American Classic Kimberlite 700 X 40mm Tires: Checkpoint

American Classic Kimberlite 700 X 40mm Tires: Checkpoint – by Guitar Ted

Close up detail shot of the branding on the side wall of an American Classic Kimberlite tire.
The American Classic Kimberlite tire.

The American Classic Kimberlite tires represent a choice in the class of “Minimalist Tread” gravel tires. Tires which are best purposed for mixed terrain, pavement-gravel-pavement type rides. Rides where speed on pavement and volume for the unpaved sections is prized above traction and cornering prowess in deeper grounds. American Classic recently upgraded their line and this tire we have on test is one of those upgraded tires. As we said in the introduction to the Kimberlite, this new version is quite different from the older one.

Now with several gravel rides on this tire I am ready to update the review with my take on this smooth treaded, medium sized gravel tire. Let’s first take a quick look at where we are with tire width and anything having to do with tubeless air retention.

A bicycle leaned up against a wooden fence
Guitar Ted mounted the Kimberlite tires to Irwin Ion Carbon 35 wheels which are fitted to his Raleigh Tamland Two.

You might recall that I was a bit disappointed in the width of this tire initially. The Kimberlite wasn’t quite 40mm wide measuring out at 38.6mm. Well, after several rides I am now juuuusssst barely under 40mm at 39.6mm in width. That’ll do.

Tubeless performance has been above average. The Kimberlites retain air well. There is no sealant seepage, (using WTB’s new sealant), and I haven’t had any issues in this area with the Kimberlites.

Ride Performance: The Kimberlite tires were interesting right out of the gates as I found out in my roll down testing. The results were a bit backward from what I expected. The paved section result was merely average. I was a bit surprised that I wasn’t seeing results like I had with the Goodyear County tires, or the WTB Byways. However; that wasn’t the biggest surprise as I found that in my gravel roll down test the Kimberlite out-performed those other two tires handily. After some further observations, I think I know why this was the case.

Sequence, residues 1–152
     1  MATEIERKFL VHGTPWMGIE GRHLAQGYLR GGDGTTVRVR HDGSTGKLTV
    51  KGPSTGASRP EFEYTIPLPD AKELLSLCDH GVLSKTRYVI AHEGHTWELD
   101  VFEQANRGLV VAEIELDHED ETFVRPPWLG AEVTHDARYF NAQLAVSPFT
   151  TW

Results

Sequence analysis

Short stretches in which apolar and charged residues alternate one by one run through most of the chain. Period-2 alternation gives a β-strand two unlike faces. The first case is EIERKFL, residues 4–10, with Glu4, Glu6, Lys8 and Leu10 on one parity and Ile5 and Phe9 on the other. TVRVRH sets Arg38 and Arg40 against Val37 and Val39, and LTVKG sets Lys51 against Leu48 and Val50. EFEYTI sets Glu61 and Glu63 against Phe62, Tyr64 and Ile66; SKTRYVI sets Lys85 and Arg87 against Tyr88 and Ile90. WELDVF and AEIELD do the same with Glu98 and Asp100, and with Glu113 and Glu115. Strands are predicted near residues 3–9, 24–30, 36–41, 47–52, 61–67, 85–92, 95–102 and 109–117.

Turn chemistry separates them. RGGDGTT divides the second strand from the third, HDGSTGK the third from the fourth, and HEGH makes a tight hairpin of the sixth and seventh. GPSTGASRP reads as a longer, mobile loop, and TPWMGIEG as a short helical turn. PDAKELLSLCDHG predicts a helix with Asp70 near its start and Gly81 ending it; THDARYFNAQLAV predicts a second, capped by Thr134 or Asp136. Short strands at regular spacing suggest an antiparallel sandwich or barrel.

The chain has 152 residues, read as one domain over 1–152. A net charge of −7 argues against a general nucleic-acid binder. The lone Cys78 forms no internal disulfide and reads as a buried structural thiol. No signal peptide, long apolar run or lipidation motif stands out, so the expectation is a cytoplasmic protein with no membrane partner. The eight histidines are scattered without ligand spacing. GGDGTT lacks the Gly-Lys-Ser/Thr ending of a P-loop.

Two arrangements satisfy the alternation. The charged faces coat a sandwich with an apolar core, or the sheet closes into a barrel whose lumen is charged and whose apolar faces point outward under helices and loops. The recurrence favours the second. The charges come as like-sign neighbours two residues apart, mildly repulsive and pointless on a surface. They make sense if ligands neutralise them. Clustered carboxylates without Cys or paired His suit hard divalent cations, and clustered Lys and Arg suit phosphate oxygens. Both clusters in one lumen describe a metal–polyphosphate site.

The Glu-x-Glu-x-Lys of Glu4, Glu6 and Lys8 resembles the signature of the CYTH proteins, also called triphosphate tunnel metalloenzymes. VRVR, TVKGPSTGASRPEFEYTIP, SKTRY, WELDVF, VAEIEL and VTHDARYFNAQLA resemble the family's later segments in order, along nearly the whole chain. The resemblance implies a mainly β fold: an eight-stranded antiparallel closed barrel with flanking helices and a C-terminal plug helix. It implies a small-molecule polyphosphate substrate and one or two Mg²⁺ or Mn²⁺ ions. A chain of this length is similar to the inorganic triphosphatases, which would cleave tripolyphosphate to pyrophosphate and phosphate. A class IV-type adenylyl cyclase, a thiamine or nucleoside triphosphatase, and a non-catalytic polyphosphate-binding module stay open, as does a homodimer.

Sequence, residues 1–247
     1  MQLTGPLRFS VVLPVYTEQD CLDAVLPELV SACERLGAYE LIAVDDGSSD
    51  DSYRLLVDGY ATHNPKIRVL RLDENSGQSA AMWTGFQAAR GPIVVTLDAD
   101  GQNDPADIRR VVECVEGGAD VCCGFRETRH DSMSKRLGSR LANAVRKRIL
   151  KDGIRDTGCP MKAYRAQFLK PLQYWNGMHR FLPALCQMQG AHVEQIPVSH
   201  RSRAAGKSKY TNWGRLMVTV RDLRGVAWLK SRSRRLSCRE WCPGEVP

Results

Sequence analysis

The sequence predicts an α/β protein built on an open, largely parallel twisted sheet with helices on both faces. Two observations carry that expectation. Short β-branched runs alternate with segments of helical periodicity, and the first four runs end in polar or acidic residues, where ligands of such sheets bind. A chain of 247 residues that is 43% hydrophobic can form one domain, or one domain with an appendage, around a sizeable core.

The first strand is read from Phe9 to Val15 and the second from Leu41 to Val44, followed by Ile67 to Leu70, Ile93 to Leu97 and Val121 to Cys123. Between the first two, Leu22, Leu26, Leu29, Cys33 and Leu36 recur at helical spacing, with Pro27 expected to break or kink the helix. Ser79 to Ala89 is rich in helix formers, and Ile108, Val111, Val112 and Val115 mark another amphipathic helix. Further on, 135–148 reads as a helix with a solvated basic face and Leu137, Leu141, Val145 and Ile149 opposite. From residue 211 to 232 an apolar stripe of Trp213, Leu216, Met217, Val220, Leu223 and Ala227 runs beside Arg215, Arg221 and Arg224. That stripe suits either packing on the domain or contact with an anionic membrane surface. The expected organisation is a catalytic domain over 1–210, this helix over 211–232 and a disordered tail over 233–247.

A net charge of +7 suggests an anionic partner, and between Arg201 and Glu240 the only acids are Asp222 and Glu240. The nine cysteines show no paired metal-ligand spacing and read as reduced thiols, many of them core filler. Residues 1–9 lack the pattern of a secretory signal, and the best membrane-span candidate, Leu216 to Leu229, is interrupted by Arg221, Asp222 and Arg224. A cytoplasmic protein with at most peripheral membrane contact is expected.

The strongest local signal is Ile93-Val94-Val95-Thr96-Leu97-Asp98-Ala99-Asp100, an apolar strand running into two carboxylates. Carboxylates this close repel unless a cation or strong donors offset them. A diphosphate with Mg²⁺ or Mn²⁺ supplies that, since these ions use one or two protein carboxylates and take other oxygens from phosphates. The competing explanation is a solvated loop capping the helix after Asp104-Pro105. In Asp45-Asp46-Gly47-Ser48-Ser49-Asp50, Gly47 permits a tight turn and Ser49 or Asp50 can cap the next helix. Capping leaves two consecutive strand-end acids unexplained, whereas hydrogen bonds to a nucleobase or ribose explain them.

A bicycle with the Kimberlite tires leaning on an Armco barrier in a rural setting.
The Kimberlites tamed the chunky gravel roads in a much calmer way than GT was expecting.

The Kimberlite has a more flattened crown to its casing, whereas the recently reviewed Goodyear County tires have a more peaked casing. I have found that a flatter profile tire tends to roll up and over gravel better, and more freely, than other tires which have more pronounced “C” shaped tire profiles. This translated over to my gravel rides where, despite the slight penalty in width over, say the County, which turned out to be 42+mm in width, the Kimberlite rolled smoother and with more control.

Detail shot of the tread of a Kimberlite tire
The flatter crown profile of the Kimberlite gives this tire an edge in loose gravel over other minimalist tread gravel tires.

I was also pleased with the ride quality of the revised Kimberlite. It felt less wooden and stiff than the previous versions of American Classic tires and more akin to a tire costing much more. As an example, the Goodyear County tires cost about 70 dollars each and the Kimberlites felt smoother than those did. The Kimberlites are now $45.00, so that’s a better value now than it was before American Classic effected these changes to their gravel tire range.

So Far… Two questions I was left with after the introductory post now have been answered. The width came out to be more to what my expectations were. Also, the ride performance was pleasantly surprising. I appreciated the more stable ride feel and damping qualities that this revised casing has over the previous generation of American Classic tires. This difference has improved the tire’s ride feel and performance and has elevated this tire into the realm of being comparable to more expensive tires.

Tubeless performance has been very good as well, so everything seems to be pointing to a good outcome for the Kimberlite tires in this review. I want to spend a bit more time with them, paying close attention to wear characteristics and to see how this tire does in urban settings where glass and other nasties await me. I’ll be swapping these over to another wheel set and a different bike to conclude this review as well. So, stay tuned for all of that. I should be back in a month or so with a final evaluation of the Kimberlite tires.

For more information on the Kimberlite and the American Classic tire range see their website here;

Note: American Classic sent over the pair of Kimberlite tires at no cost to Riding Gravel for testing and review. We were not paid, nor bribed for this review and we will always strive to give our honest thoughts and opinions throughout.


Author: Guitar Ted

Guitar Ted hails from Iowa. Home of over 70,000 miles of gravel and back roads. An inaugural member of the Gravel Cycling Hall of Fame and Co-creator of Trans Iowa in late 2004- Guitar Ted has been at the forefront of the growth of gravel events and riding since then. Creator of Gravel Grinder News in 2008, he produced the premier calendar of gravel and back road events. GT joined forces with Riding Gravel in late 2014.

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